Bangor West Rock climbing85 routes in crag
First time here?theCrag.com is a free guide for rock climbing areas all over the world, collaboratively edited by keen rock climbers, boulderers and other nice folks.You can log all your routes, connect and chat with other climbers and much more...» go exploring, » learn more or » ask us a question
Get directions to here using Google Maps.
This crag and these routes have been climbed over for more than thirty years. It remains, I am sure, the central point of Shire climbing and the climbing nursery for the area. Why? Easy access, lots of bolts and a close proximity of routes at mild grades, means the general climbing public are cared for. The trade routes like Andrews Bulge (16), Fixed Steps (19), My Girl (23) and Whorl (17) are extremely popular. A novel way to enjoy the crag, or a future goal to achieve, is to tick all of the routes in a day. I have noticed some of the new routes are old routes from the 1980’s. I think every bit of rock has been well and truly climbed on but try telling that to a kid with a drill seeking immortality. Being popular also means it attracts the rubbish so please take your energy bar rappers and your belay slaves with you.
Access issues inherited from Sutherland
For over 50 years climbers in the Sutherland Shire have enjoyed free access to many fantastic crags and caves. But as of 2014 there have been access problems emerging at several climbing and bouldering areas due to aboriginal art sites and shell middens in caves. Sutherland Shire Council and the Dept of Enviroment and Heritage have announced closures and sign-posted some of these aboriginal sites, with further closures and signs to be added during summer/autumn 2016/2017. Areas of particular problem are ground level overhangs with flat bases, the type of terrain popular at hard bouldering areas. Whilst the details are sorted out keep a low profile, clean up ALL rubbish (inc removing mattresses in bouldering caves) and avoid climbing at closed areas. In particular treat non-climbers you see at crags with the utmost respect as they could be rangers, archeologists, traditional owners or anyone else with a dim view of climbers and the ability to shut us out. Climbing in Royal National Park has been officially banned for many years - probably due mostly to the Wattamolla 'don't jump off rocks' cliff-diving-into-water ban. For more information about aboriginal sites and rockclimbing please read this link from Sutherland Council: https://drive.google.com/file/d/0B0KxtU2nUQB9cjhHUWE4cE5HWnM/view?usp=sharing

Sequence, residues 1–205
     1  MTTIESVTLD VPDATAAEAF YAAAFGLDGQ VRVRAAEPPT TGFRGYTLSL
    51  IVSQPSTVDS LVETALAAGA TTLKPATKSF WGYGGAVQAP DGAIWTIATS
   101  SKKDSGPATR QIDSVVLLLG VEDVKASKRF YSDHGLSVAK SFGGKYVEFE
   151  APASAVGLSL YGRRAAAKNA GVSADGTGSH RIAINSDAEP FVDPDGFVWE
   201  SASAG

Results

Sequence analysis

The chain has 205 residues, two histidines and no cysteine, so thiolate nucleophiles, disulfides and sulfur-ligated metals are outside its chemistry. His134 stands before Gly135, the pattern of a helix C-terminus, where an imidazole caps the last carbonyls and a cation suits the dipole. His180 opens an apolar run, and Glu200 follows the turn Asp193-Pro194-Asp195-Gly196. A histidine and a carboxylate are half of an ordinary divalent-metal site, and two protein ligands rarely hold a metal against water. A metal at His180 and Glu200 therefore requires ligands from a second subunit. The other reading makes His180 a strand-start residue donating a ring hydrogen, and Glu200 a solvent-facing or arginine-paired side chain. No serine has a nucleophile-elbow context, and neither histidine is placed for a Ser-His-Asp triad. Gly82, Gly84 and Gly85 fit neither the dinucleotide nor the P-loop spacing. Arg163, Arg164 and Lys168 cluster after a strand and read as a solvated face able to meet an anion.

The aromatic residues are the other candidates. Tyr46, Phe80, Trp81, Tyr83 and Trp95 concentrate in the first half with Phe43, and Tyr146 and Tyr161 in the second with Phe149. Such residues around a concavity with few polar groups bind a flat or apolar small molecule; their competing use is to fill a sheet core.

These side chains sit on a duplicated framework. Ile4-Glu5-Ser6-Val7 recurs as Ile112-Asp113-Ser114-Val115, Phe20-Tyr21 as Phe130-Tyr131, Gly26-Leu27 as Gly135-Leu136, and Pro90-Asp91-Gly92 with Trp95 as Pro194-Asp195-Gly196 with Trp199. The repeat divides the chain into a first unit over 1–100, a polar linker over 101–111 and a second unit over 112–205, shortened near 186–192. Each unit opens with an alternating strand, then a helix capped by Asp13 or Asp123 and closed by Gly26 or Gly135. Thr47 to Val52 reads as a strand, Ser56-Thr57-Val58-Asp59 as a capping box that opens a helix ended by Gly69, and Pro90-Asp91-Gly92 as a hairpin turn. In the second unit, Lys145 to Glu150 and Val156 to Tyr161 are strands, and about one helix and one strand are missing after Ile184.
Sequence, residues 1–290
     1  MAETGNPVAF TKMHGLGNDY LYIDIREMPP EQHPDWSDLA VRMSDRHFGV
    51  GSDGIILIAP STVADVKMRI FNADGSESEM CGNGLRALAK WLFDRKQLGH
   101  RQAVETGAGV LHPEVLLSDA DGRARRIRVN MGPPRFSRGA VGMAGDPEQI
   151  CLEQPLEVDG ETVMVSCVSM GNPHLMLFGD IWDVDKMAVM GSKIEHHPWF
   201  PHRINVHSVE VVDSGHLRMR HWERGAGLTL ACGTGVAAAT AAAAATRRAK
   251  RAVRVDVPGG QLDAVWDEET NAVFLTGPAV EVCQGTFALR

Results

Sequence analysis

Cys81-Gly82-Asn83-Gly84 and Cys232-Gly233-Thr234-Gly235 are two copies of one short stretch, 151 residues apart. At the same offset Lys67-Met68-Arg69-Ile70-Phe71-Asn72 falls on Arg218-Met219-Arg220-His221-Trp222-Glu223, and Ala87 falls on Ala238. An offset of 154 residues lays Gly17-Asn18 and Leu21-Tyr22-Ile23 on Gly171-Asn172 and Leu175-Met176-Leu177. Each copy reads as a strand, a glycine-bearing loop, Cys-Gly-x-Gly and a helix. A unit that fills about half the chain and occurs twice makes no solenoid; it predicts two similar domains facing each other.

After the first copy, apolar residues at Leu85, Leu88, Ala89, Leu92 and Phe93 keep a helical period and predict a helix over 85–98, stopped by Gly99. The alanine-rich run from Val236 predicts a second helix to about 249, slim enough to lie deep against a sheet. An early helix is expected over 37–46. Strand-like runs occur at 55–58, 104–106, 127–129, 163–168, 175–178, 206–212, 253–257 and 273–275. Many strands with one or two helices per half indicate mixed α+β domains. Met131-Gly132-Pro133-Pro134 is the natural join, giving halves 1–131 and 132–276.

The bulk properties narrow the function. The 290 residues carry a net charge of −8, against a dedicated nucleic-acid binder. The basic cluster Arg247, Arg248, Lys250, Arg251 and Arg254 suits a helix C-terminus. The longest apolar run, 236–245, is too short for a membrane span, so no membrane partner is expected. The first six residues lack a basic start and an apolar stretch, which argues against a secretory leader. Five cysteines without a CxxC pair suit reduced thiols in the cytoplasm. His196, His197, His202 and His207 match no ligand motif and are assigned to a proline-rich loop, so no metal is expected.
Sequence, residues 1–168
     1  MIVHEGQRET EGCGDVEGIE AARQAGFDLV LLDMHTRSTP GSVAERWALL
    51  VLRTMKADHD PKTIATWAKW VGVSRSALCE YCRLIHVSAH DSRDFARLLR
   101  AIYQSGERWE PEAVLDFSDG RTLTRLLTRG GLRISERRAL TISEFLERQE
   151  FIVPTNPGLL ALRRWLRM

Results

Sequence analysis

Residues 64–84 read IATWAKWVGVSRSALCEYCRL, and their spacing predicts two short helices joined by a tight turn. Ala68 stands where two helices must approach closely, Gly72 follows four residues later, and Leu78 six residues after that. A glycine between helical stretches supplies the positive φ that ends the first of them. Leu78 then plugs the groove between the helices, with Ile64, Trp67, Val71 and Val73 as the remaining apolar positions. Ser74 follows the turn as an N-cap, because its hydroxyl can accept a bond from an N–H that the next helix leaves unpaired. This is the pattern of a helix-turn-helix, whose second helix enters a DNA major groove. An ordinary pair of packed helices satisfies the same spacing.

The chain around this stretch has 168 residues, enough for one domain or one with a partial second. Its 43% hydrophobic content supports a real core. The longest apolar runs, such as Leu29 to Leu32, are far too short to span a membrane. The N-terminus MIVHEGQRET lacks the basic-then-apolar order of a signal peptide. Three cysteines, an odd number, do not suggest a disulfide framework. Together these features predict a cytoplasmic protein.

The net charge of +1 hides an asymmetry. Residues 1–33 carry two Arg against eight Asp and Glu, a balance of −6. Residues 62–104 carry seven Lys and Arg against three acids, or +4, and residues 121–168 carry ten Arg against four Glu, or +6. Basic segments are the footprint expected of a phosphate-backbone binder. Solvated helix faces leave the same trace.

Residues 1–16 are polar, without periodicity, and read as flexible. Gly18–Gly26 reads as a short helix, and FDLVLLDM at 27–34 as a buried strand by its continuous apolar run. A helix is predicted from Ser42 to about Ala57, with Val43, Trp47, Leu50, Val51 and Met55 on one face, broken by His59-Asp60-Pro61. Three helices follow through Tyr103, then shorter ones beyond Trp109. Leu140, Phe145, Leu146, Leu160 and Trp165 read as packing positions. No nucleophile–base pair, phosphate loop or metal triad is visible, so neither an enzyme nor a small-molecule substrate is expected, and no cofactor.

To get there park at the end of Arunta Close, and walk down the fire trail between the houses. The decent gully is just to the right as you walk towards the river. It's a hop, skip, and a jump to get down, so be careful! Alternatively If you can't get down the gully safely, walk to your right for about 50m till you are behind a 2 story white house with blue poles. There is a very easy gully below here.
Some content has been provided under license from: © Australian Climbing Association Queensland (Creative Commons, Attribution, Share-Alike 2.5 AU)
Check out what is happening in Bangor West.